I’ve grown to really look forward to my husband’s family’s traditional Christmas breakfast: pierogies, kielbasa, scrambled eggs and Entemann’s Raspberry Danish Twist, which serves as a birthday cake for Jesus. I don’t know when the tradition was started or why the Danish and not some other baked good came into play, but the kielbasa and pierogies harken back to their family roots. I don’t worry about upholding the tradition at home most years because we enjoy it with his family when we celebrate the holiday with them. However, knowing my proclivity for making things instead of buying them, Brian suggested I try making a raspberry danish from scratch this Christmas. Always up for a new challenge, I began keeping an eye out for recipes. The first one that I stumbled upon used puff pastry, which is fine, but was a little more pre-made than I was hoping for. So I turned to Google, where I quickly found this recipe: Iced Raspberry Danish Braid from Sally’s Baking Addiction. I looked no further; it appeared to be exactly what I was looking for.
I made this recipe last Sunday afternoon, to be eaten on Monday morning when Brian and I celebrated Christmas as a couple before visiting his parents for the actual holiday (where there would be pierogies, kielbasa and eggs, of course). Shockingly, I actually read the recipe before I started and knew it would take a while to put together. I knew it was going to be my project for the afternoon and I didn’t make plans to go anywhere but my kitchen. That said, it wasn’t difficult; most of the time needed for the recipe is just letting the dough rest in the fridge or on the counter. Sally’s instructions and photos were incredibly clear and I had no trouble following them. Early on I was pretty concerned with the size of the butter chunks in the dough, but they did match the recipe’s photos so I went with it.
After letting the assembled dough sit in the fridge for four hours, then rolling it out and folding it three times, then putting it back in the fridge for another half hour, it was time to fill and assemble the pastry. The recipe made enough dough and filling for 2 danishes, something I wish I’d realized more clearly when I started. The extra dough and filling went into the freezer for future use. The fruit filling was incredibly simple to make (I used frozen raspberries) and the video that Sally linked to helped a lot in explaining what I was doing with the braiding. As impressive as it looked in the final product, the braiding was not difficult. I followed Sally’s suggestion and completed the final roll out of the dough on my Silpat baking sheet. After accidentally reading the instructions as requiring a 12 x 16” rectangle, I reworked it into the 12 x 6” required, spread the filling down the middle, cut the angled slices and folded them over on top of the filling.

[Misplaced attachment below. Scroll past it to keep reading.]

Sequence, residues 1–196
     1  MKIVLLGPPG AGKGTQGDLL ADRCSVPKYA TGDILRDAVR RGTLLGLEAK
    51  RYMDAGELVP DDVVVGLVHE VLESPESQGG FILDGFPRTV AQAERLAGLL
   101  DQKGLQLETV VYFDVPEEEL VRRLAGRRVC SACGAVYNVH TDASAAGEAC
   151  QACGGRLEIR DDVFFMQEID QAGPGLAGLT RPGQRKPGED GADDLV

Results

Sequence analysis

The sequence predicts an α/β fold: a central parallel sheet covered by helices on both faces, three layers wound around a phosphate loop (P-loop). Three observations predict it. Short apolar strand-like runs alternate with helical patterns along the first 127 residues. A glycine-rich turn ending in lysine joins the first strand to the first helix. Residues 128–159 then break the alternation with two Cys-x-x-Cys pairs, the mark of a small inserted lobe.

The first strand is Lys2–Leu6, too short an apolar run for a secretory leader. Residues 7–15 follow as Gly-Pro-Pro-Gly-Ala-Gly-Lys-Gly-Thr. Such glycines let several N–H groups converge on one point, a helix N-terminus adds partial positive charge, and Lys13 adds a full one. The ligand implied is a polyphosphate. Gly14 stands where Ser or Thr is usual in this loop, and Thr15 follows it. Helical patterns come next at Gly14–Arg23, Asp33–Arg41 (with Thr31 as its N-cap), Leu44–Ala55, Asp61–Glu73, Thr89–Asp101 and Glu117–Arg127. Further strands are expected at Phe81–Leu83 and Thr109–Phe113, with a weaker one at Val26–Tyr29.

As you can see, my danish wasn’t completely even for the entire length, but this didn’t affect the taste at all and it sort of evened out during baking. I was pleasantly surprised to discover that the filling did not leak out of the braid while it baked; I’d cooked it on a rimmed cookie sheet just in case. Most of the filling that looks like it’s leaking out of the braid was actually just spread by my brush when I was applying the egg wash. Even though we weren’t planning to eat it until the next day, I decided to bake the pastry on Sunday and leave it at room temperature for the next day so I wouldn’t have to worry about it in the morning. I’m sure it would’ve been slightly better if eaten immediately after baking, but it held up very well. Despite the amount of filling, the pastry did not get soggy.
Despite the required planning ahead, I think this recipe was definitely worth making. It looks like an accomplishment and it tastes great; I love how you can see all the layers of pastry dough. With the exception of the raspberries, I already had all of the ingredients required for this recipe on hand. I think that if I practice the slicing and braiding of the dough, the danish’s appearance will continue to improve. In the end, I didn’t end up making the glaze, mostly because we’d eaten half of the danish before remembering that there was even glaze to be made. When I make the second one in a few weeks I’ll attempt the glaze. The filling is more tart than the store bought one, but the powdered sugar glaze would probably help offset this. It should also be noted that the danish didn’t last very long in our house; Brian and I ate the entire thing before mid-afternoon, one slice at a time. (This may be why we try to limit sweets in the house, it’s just too tempting.) If I was making this for a bigger group, I’d definitely make both danishes – or more. I’m also pondering the idea of adding a little bit of cream cheese along with the raspberry filling, but that may need to be left for a third iteration entirely. At any rate, I’m really glad I attempted going homemade with our Christmas danish this year; I think I’ll be doing it again for future holidays.